28 January, 2022

Fiction Friday - The Dance

Dinah was spinning and twirling and twisting in a fury of movement. She was everywhere. She was everything. She was ON. 

Dinah danced like no one was watching.

Everyone was watching.

No one understood, but they were all watching. They couldn't hear the music in Dinah's head.

The 14-year-old swished the scarves in her hands so that they made a whirlwind around her as she gave herself up to her dance in the courtyard between the buildings of old town. Townspeople stopped their passage through town to stare, mesmerized. Workers in the surrounding buildings stopped working to look out their windows and doors at this girl.

She was a phenomenon. 

Some had observed her before. Completely at random - no regular day, no regular time, no regular season - Dinah would suddenly appear, dancing in the courtyard to unheard music. No one noticed her arrive, and few saw her leave. Some whispered that she must be on drugs. There was no reason for the rumor, but even if true, no one cared.

Dinah's scarves swirled. Her body twirled, her head dipping low and high as her feet turned and stomped and tiptoed in the magic pattern of her mind. Faster and faster, higher and lower, until she collapsed to the ground, half covered by the colorful patterns on the scarves. 

The locals in businesses turned back to their business. 

Passersby who had stopped to watch applauded, waiting for her to rise and take a bow.

Dinah stayed on the ground, not hearing the crowd through the trance in her mind. After the crowd cleared and the sun was going down, she'd sit up, brush off the dirt from her hair and clothes, and look around as if trying to remember why she was there. Then, with a nod to herself, confirming what she already knew, she'd walk the path to her home in the next district.

Sometime - maybe soon, maybe not - she'd be back. When the muse called, Dinah answered.


Every Friday I write a new flash fiction piece. If you have a writing prompt you'd like to see turned into a story, just leave it in a comment.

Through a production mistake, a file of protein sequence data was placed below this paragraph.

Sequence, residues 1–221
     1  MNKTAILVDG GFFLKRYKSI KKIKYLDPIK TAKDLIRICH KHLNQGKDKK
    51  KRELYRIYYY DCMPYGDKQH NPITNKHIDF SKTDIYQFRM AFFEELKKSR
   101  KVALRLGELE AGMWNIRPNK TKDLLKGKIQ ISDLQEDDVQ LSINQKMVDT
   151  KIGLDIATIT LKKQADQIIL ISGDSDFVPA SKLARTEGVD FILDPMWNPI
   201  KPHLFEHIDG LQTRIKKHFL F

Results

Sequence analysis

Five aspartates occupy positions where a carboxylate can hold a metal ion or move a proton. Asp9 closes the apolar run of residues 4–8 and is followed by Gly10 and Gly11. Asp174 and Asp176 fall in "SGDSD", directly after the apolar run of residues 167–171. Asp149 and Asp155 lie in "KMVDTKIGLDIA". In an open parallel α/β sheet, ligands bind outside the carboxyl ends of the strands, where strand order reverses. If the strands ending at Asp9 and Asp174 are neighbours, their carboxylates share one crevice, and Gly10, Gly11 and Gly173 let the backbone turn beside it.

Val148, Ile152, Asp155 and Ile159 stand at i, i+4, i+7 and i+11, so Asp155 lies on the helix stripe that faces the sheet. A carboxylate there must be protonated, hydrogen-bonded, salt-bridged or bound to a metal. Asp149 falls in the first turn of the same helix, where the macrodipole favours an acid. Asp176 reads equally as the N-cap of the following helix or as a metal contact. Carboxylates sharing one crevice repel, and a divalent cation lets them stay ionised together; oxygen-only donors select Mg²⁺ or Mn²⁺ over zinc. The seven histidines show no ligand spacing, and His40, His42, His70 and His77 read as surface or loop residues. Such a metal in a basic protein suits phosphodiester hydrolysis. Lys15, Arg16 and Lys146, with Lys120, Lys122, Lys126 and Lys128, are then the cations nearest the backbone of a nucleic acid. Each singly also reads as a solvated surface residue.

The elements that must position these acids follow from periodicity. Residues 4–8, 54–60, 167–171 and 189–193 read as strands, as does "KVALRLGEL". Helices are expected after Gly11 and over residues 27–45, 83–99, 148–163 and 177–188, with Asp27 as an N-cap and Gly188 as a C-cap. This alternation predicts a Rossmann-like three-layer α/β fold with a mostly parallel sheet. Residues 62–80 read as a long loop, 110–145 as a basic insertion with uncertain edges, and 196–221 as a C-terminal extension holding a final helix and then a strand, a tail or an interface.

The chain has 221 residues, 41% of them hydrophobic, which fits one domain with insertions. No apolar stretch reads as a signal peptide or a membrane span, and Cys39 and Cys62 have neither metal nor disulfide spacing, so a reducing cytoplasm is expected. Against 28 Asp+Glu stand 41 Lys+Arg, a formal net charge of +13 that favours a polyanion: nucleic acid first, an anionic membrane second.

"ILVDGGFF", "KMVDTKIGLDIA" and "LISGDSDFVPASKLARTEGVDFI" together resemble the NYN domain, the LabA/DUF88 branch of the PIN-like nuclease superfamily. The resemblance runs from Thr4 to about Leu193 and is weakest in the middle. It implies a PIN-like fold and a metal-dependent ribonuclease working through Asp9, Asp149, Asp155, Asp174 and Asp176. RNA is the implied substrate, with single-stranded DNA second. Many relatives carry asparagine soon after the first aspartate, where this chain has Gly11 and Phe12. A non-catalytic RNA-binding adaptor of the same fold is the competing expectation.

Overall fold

25 January, 2022

Vietnamese is Killing Me!

I have taken an obnoxious lover and, anxious as I am to be rid of him, I keep going back for more torture.

This "lover" is the Vietnamese language. Studying and paying for lessons is the torture.

Vietnamese is like a nasty, neglectful, annoying lover, who sends you into the arms of your ex - also terrible, but slightly less terrible - lover. In this scenario, Mandarin is my ex-lover. Another difficult language, but when I'm screamingly annoyed with Vietnamese, switching over to my Mandarin story books or character review and practice feels like sighing in the arms of a comforting old love.

...Let me be clear, I don't know what it's like to run from one bad lover back to a former bad lover. But I get that it happens, and that's kind of what studying Vietnamese feels like sometimes.

I have no ear for the different sounds I'm supposed to hear in Vietnamese, and the language is different through the different parts of the country - which you wouldn't think would be an issue as long as I remain in the Central coast, but people move here from everywhere, especially with Covid surges in the big cities of Hanoi and Saigon, so my minuscule use of Vietnamese garners pronunciation corrections that are not the same corrections I get from my teacher!

Urgh. So frustrating.